Showing 5 posts in Lamb.
Here is the brochure for the program, which takes place April 2-3. The panelists are among the most respected and knowledgeable legal minds and financial experts involved in corporate law and M&A, including Chief Justice Myron T. Steele and Justice Jack B. Jacobs of the Delaware Supreme Court and Vice Chancellors Leo E. Strine, Jr., Stephen P. Lamb, and Donald F. Parsons, Jr., of the Delaware Court of Chancery.Share
In the latest of the Chancery decisions on complaints challenging the grant of options, the Court has explained what it takes to state a derivative complaint that excuses demand on the Board. Briefly, the Court here focused on what was disclosed to the stockholders when they were asked to approve option plans or elect directors who had received option grants. First, full disclosure is required, particularly of practices that are likely to lead to increasing the value of the options, such as the bullet-dodging alleged in this case.
Second, the fact that a majority of the board received the options also made them interested enough to excuse demand.Share
For a long time it has been evident that some plaintiffs show up frequently as class representatives. The recent scandal involving perhaps the major securities class action law firm has only reminded everyone of the odd "coincidence" that one person could have so many class actions to bring. Now the Court of Chancery has done something about it and a warning has been issued as a result. This decision awarded attorney fees to the defendants in a man-bites-dog twist to the ending of a class action.
Of course, the facts in this case are highly unusual. When the named plaintiff tried unsuccessfully to have the court approve a settlement basically for attorney fees alone, he then tried to just dismiss the case, conditioned upon defendants' agreement to keep certain information confidential. Instead, the defendants fought back and discovered the named class representative had a string of investment entities that in turn owned very small stakes in many publicly owned corporations. No rational financial purpose justified these investments, except as a way to pursue law suits. When the plaintiff conditioned settlement on secrecy, the court held that was bad faith and awarded attorney fees to the defendants for resisting such a dismissal.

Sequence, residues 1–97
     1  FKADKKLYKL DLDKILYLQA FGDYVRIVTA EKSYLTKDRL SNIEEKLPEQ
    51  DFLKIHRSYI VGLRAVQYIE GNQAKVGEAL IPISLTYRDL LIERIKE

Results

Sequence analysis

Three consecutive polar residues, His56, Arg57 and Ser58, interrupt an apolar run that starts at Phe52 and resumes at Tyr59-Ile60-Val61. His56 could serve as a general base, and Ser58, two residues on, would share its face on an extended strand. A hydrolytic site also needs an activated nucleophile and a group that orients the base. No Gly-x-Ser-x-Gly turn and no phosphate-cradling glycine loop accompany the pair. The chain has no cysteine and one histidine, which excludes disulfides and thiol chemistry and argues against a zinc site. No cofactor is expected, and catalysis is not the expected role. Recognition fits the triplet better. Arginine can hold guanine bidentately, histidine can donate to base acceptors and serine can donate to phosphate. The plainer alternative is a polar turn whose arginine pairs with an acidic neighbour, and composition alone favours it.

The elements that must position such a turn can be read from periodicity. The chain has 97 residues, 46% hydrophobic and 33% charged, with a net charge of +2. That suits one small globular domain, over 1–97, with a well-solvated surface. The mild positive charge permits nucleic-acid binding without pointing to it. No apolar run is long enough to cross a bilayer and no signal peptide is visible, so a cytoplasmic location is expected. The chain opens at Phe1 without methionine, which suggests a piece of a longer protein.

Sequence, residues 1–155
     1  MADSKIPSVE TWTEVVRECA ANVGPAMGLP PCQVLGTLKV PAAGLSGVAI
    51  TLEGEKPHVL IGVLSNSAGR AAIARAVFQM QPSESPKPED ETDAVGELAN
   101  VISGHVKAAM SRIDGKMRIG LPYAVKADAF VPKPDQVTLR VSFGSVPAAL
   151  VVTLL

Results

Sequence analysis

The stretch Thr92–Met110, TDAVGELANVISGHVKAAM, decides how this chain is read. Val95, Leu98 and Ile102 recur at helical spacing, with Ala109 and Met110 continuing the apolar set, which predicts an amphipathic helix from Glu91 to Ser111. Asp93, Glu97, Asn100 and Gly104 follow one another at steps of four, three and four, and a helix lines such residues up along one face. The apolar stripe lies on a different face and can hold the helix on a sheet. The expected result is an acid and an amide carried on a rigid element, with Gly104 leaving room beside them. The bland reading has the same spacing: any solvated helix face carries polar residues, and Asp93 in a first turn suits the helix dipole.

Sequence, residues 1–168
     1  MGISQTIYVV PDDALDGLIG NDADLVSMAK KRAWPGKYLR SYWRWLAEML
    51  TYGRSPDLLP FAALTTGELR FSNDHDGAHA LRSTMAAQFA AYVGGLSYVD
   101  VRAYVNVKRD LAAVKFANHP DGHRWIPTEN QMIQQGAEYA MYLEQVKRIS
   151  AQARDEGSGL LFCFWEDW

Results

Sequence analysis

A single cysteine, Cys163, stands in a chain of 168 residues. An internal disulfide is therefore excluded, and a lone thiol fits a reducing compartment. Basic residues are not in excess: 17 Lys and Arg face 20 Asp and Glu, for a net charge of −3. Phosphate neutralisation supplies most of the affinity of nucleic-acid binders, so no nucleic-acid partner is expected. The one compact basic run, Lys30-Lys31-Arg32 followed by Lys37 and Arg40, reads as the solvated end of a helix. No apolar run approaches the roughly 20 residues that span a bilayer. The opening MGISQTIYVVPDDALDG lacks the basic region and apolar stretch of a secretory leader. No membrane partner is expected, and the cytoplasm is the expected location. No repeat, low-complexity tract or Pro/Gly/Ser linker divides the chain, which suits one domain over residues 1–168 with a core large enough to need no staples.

It is now likely that we will see much more aggressive pursuit of oppositions to class certifications. Discovery of the named plaintiff and his connections to the class counsel will be the new trend. As this decision illustrates, the ability to do data searches to find all the actions filed by a plaintiff and any law firm will also aid in that effort.
Sutherland v. Sutherland, C.A. No. 2399-VCL (February 14, 2008).
This is another decision that explains what must be done to have the report of a special litigation committee ("SLC") respected by the court. To begin with, the use of a single board member for the SLC "pressed the theory of Zapata to the extreme". Thus, one-member SLCs are generally not a good idea.
In addition, the report of an SLC needs to include sufficient detail to support its conclusions. It is better practice to include documentation of the report's conclusions, such as the documents it relied on, the interviews it conducted and the advice it received. This is controversial for a good reason. If the court refuses to dismiss the derivative litigation despite the SLC recommendation, then the report may serve as a roadmap for the plaintiff going forward. Thus, the decision on whether to use a SLC should be considered carefully. There are still excellent reasons for using a SLC, but it must be done correctly.Share
Sassano v. CIBC World Markets Corp., C.A. No. 3066-VCL ( January 17, 2008).
It is not widely recognized that Delaware law permits a corporation to grant advancement of attorney fees to employees who are not directors and may even be fairly minor employees. Here, the bylaws provided advancement of fees for an officer with "management supervisory functions". The court carefully went over whether the plaintiff had those duties and found that he did and thus, should be advanced his fees for the defense of an SEC investigation.Share